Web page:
Though it’s been 20 years since he went to prison for burglary, that conviction still hangs over Andrew Dawson.
“The way it is, the system, though you do your time, you’re still doing time when they let you out,” Dawson said.
The 60-year-old Yazoo City native has been a truck driver for most of his life. A few years ago he applied for a job in Missouri. He was qualified and the job interview went well, but he didn’t get the job after his felony record came up in a criminal background check.
Missouri, like Mississippi, is not one of the 12 states that have passed laws limiting how far back a background check can go. Those laws limit the time window for these checks to seven years, depending on the salary of the position.
Without any protections in place, a criminal record decades old can bar someone from meaningful employment.
Dawson says the word “felon” never leaves you.
“It’s a brand, just like you run a cattle through a chute and put a brand on it. That’s the same brand we get. That’s the same brand I wear today,” he said.
Now Mississippians such as Dawson have the chance to leave that brand behind thanks to the Criminal Justice Reform Act. The bill, passed during the 2019 legislative session, went into effect July 1 and radically expanded the number of crimes eligible for expungement.
Expunging a record is different from sealing a record because a sealed record still exists, whereas all traces of an expunged charge are deleted from the public record. Neither should come up in a job interview, however, as sealed records can be accessed only through a court order.
Previously, only a short list of crimes could be expunged: false pretenses, larceny, bad checks, possession of controlled substances or paraphernalia, malicious mischief and shoplifting. Now, all felons are eligible for one expungement as long as the charge doesn’t fall under this list of crimes:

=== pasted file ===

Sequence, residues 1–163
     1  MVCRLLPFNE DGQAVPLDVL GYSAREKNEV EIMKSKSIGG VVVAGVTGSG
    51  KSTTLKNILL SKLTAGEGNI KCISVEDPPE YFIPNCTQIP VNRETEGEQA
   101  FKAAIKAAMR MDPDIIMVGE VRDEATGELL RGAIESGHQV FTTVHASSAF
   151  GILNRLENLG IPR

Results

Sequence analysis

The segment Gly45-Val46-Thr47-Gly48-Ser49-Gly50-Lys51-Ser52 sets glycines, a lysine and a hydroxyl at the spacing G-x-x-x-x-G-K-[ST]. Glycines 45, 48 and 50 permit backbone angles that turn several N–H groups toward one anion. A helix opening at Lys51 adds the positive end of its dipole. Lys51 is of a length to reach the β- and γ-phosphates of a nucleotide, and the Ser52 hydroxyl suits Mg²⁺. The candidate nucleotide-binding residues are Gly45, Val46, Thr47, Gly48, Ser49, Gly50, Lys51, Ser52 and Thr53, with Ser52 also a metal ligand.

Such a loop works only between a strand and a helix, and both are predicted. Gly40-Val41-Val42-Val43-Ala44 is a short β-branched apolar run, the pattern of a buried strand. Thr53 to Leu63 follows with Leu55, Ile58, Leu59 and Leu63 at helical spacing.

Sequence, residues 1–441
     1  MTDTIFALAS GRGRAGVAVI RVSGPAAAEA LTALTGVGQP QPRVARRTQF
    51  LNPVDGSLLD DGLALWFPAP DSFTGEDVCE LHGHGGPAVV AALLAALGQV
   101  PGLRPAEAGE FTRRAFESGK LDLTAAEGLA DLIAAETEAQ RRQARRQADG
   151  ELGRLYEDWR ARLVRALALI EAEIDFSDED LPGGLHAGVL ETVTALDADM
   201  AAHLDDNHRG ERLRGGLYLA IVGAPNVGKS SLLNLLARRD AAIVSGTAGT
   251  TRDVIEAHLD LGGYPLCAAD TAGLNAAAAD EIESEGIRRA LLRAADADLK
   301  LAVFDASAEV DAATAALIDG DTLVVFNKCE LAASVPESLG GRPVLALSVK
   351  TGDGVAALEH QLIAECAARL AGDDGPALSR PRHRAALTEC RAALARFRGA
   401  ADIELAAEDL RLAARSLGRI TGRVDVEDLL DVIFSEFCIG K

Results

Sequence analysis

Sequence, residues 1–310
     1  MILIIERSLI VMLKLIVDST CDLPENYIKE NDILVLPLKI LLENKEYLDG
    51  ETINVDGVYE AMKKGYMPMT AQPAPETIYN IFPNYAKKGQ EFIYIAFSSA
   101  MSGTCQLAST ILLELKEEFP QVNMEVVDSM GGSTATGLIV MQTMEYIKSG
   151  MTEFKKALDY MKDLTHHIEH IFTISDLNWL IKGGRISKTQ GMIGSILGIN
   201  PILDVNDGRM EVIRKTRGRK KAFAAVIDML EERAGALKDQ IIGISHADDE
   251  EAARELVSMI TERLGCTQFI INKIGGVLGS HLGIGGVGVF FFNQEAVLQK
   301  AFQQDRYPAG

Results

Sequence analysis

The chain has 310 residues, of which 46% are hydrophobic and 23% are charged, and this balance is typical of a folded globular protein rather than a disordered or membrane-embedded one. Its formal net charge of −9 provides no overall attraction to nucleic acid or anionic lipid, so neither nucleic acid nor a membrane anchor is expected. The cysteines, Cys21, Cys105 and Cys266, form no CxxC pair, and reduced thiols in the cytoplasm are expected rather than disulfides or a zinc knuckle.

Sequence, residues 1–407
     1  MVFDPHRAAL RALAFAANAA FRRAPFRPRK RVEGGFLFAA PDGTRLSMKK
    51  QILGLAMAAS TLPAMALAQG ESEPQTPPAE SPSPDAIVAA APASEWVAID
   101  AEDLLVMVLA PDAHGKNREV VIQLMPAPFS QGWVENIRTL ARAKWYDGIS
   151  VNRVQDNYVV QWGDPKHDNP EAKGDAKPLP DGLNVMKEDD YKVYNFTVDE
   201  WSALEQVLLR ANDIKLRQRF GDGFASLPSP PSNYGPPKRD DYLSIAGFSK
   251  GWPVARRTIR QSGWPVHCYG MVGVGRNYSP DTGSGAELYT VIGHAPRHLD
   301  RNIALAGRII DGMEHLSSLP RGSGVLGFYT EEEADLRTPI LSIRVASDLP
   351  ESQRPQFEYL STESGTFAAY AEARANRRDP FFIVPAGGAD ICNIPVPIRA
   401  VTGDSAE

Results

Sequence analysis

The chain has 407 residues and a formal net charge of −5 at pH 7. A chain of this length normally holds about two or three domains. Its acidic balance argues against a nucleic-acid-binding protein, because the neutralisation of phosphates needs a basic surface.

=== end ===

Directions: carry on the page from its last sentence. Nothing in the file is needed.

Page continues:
nCrimes of violence
nArson, first degree
nTrafficking controlled substances
nThird, fourth and subsequent DUI offenses
nFelon in possession of a firearm
Misdemeanor expungements have also been expanded.
Previously, only a person’s first misdemeanor was eligible for expungement. Now, a person can petition the court to expunge a subsequent conviction after keeping his or her record clean for two years.
On July 26, Dawson was one of the many people who filled a courtroom on the third floor of the Hinds County Chancery Court for a free civil legal assistance clinic on expungements.
“There is always a need for people to have access to justice,” said Gayla Carpenter-Sanders, the executive director and general counsel of the Mississippi Volunteer Lawyers Project.
Access To Justice has free legal resources available for those trying to handle legal problems without a lawyer. The Mississippi Volunteer Lawyers Project and the Access to Justice Commission are also working to schedule free civil legal assistance clinics for residents of all 82 state counties, as they did in 2018.
These services are welcomed by people such as Roy Nations.
“When you’re already poor and they’re garnishing your wages, you don’t have the money to get a lawyer, so this is a great thing,” Nations said.
The 59-year-old Brook-haven native served a year in prison when he was 20 years old for being an accessory to grand larceny. He’s ready to move on.
“It has hurt me with jobs. If I get pulled over, they’ll automatically say, ‘Well, he’s a felon,’ and it makes the whole thing a little bit harder to deal with,” Nations said.
Younger people are also hurt by prior convictions. Mary Gregory, a 23-year-old native of Pearl, got turned down for a position in sales at Big Lots because of a felony larceny charge she got in 2013. “I get judged as a thief because I stole once when I was 18. Five years ago, and people still think that,” Gregory said.
She likes warehouse jobs, so Gregory has her eyes on the Nissan plant in Canton after she gets her record cleared.
“We could probably do these every other month in Hinds County, and we’d get the same turnout,” Carpenter-Sanders said.
Another expungement clinic will be held at the Hinds County Chancery Court on Oct. 18.